Marcel Pelgrom consults on analog IC design.

12 April

The news that massive espionage had occurred at ASML’s San Jose’s affiliate made headlines in Dutch media. A few former ASML employees had stolen unique knowledge. Parliament was upset. Our high tech knowledge was stolen and Dutch interests had been damaged! Really!?

Last December, I was strolling through the Christmas malls in San Jose and was amazed that there were hardly any white customers in the heart of Silicon Valley. Almost all shoppers were Asian and among them many Chinese. When visiting companies, you will find the same pattern. In several offices, the working language is Mandarin or an Indian tongue. Silicon Valley was once a stronghold of white male engineers and has now turned Asian.

The Dutch high tech scene is moving in that same direction. This magazine is switching to English, a logical consequence of the changing scenery. If the staff had been really brave, they would have opted for Mandarin.

In the first four years I was lecturing at university, a total of 106 students attended classes. There was only one Dutchman in my audience – a son of an immigrant. More than half of the students were Chinese. The rest came from India, Iran, Southern Europe, and a few other places. My running gag was that in any pub in Bangkok you could hear more Dutch being spoken than in the canteen of a Dutch technical university.

Today, for every three retiring engineers universities deliver one replacement. Moreover, Dutch tech salaries are structurally lower than in the surrounding countries, causing a substantial outflow.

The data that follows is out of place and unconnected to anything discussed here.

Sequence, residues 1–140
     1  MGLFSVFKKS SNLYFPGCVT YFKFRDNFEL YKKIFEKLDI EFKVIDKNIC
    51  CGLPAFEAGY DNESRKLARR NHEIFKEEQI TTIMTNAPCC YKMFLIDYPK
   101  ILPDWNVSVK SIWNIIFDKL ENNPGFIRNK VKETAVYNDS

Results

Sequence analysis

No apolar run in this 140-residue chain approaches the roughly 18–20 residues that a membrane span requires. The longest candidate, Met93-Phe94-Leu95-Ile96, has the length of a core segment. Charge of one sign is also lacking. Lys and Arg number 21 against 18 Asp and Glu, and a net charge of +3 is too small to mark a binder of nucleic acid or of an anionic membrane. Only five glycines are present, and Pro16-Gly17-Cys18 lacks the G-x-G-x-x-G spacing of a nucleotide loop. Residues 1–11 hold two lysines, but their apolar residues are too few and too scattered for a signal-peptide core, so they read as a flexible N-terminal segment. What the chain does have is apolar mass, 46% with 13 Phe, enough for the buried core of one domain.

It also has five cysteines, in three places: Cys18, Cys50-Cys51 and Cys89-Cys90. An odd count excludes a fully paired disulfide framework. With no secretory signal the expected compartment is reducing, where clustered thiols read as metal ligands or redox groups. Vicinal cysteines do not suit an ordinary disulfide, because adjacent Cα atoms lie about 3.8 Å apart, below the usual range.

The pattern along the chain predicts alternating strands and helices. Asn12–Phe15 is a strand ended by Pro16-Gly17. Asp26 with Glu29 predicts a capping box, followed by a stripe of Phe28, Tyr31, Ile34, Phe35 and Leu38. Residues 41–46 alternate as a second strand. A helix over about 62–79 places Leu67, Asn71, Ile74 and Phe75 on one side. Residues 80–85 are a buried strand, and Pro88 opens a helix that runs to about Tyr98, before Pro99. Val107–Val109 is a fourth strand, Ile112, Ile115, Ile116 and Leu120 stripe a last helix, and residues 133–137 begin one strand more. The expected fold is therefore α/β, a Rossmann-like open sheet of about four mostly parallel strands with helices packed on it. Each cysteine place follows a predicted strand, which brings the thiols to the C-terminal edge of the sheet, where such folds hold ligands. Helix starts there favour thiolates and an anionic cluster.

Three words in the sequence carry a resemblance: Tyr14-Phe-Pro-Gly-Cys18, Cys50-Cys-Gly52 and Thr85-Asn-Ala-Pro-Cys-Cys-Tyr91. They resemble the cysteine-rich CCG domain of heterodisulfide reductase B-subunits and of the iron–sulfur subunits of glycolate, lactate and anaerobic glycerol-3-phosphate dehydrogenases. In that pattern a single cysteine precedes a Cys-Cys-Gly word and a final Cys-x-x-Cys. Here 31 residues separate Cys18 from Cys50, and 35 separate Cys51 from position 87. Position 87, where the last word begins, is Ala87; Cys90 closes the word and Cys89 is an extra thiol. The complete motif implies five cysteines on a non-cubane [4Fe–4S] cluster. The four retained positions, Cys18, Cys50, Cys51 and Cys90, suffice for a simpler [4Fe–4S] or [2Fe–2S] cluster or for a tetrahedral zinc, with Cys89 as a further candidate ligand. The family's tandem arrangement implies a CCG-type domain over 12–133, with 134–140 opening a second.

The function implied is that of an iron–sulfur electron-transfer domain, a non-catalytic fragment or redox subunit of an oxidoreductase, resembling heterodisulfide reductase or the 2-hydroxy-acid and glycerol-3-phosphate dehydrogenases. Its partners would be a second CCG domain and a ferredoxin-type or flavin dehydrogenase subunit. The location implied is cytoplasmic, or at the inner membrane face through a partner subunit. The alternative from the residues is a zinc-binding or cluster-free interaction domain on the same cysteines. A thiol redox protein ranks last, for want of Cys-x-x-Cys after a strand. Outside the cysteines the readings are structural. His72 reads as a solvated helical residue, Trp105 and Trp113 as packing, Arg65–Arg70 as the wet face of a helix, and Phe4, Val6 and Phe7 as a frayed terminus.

The high tech industry, whether in Silicon Valley or in the Netherlands, cannot survive without those Asian alumni from our universities. Of course, one day they will return to their home country to start ‘something’ with their education and knowledge. Are they to blame for re-using intellectual property? Perhaps we should remember Abdul Qadir Khan, who was educated in the Netherlands to become the father of Pakistan’s atom bomb.

Dutch society does not value technical knowledge as Asian societies do. Recently, I was teaching a group of young Chinese engineers in analog electronics. In the Netherlands, that field has been declared dead for a long time. That fate has struck many more traditional engineering disciplines. The demolition of those knowledge bases on colleges and universities never triggered questions in the media nor parliament. Nobody saw any danger in erasing these crucial technical specializations on our universities. Now, there are too few engineers to fill industry vacancies.

Philips divested its consumer branch, its defense activities, its component manufacturing know-how, and its semiconductor activities. Never one question was raised in parliament on what strategic opportunities were lost. Large parts of NXP with unique RF design knowledge (eg for 4-5G networks) were sold to Chinese investors. Not only the patents but also the know-how and even the physical brains were irrelevant to the Dutch national interests. And now Huawei is crucified as a potential safety risk! It might be true, but it’s also pure hypocrisy.

Earlier, Fokker, Daf, Organon, shipping companies, chemical and pharmaceutical companies fell into foreign hands. Not always Chinese hands, but protecting Dutch intellectual property interest obviously has never been considered particularly important.

Apparently, neither politicians and government nor the media and the general public see any problem in destroying our technical knowledge base from early education to high tech equipment manufacturing. As long as the business elite can make money. The merchant rules.

So Dutch media interest in the ASML IP theft is just for the headlines. This theft is a really serious crime that once more should open our eyes for the true intentions of superpowers. But already the merchants have stepped in: don’t blame the Chinese government; we want to do more business with them! Perhaps a couple of investors will sleep poorly tonight, but the Netherlands is already looking forward to tomorrow’s headlines.